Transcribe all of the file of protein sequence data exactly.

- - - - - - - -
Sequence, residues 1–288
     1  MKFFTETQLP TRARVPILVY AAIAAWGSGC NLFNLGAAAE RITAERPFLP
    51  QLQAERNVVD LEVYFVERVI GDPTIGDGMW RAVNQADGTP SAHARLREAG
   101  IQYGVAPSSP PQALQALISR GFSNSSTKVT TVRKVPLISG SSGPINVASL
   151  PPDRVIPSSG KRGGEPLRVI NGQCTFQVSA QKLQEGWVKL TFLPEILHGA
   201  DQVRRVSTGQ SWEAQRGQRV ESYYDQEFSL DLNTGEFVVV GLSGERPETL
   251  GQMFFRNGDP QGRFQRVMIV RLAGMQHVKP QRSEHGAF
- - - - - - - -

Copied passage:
Sequence, residues 1–288
     1  MKFFTETQLP TRARVPILVY AAIAAWGSGC NLFNLGAAAE RITAERPFLP
    51  QLQAERNVVD LEVYFVERVI GDPTIGDGMW RAVNQADGTP SAHARLREAG
   101  IQYGVAPSSP PQALQALISR GFSNSSTKVT TVRKVPLISG SSGPINVASL
   151  PPDRVIPSSG KRGGEPLRVI NGQCTFQVSA QKLQEGWVKL TFLPEILHGA
   201  DQVRRVSTGQ SWEAQRGQRV ESYYDQEFSL DLNTGEFVVV GLSGERPETL
   251  GQMFFRNGDP QGRFQRVMIV RLAGMQHVKP QRSEHGAF